ANAHEIM, Calif., U.S./GUANGZHOU, China: Treatment of periodontitis significantly lowered blood pressure among Chinese patients at risk of developing high blood pressure, according to a preliminary study. The research was presented this month at the American Heart Association’s Scientific Sessions 2017, a premier global exchange of the latest advances in cardiovascular science for researchers and clinicians.
The study compared blood pressure levels after standard and intensive treatment for periodontal disease among 107 Chinese women and men aged 18 years and over with prehypertension (blood pressure on the high end of normal) and moderate to severe periodontitis. Through random assignment, half of the participants received standard treatment and half received intensive treatment. The standard treatment included basic oral hygiene instructions and tooth cleaning with subgingival plaque removal. The intensive treatment included the standard treatment along with cleaning down to the roots under local anesthesia, antibiotic treatment and dental extractions, if necessary.
One month after treatment, systolic blood pressure was nearly three points lower in participants receiving intensive treatment, but no significant difference was observed in diastolic blood pressure. Three months after treatment, systolic blood pressure was nearly eight points lower and diastolic pressure was nearly four points lower in the same patient group. Six months after treatment, systolic blood pressure was nearly 13 points and diastolic blood pressure almost ten points lower in these patients.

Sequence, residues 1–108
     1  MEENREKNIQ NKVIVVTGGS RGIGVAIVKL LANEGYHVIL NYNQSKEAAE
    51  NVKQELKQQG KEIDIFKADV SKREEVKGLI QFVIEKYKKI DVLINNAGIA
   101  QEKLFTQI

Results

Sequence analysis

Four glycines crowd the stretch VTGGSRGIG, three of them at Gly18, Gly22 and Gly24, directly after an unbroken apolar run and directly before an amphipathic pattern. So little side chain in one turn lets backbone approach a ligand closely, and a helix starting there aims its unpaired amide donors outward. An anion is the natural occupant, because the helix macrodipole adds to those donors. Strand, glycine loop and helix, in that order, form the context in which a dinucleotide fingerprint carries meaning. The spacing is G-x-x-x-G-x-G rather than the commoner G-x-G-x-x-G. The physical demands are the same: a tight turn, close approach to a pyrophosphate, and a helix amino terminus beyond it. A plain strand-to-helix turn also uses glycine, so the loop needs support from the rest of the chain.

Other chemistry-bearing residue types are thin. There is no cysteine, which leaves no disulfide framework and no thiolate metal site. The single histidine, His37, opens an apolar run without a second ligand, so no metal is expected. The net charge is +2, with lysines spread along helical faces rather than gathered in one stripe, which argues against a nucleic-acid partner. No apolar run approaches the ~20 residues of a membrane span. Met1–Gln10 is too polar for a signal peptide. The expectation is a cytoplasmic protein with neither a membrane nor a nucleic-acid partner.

“The present study demonstrates for the first time that intensive periodontal intervention alone can reduce blood pressure levels, inhibit inflammation and improve endothelial function,” said study lead author Dr. Jun Tao, head of the department of hypertension and vascular disease and director of the institute of geriatrics research at the First Affiliated Hospital of Sun Yat-sen University in Guangzhou.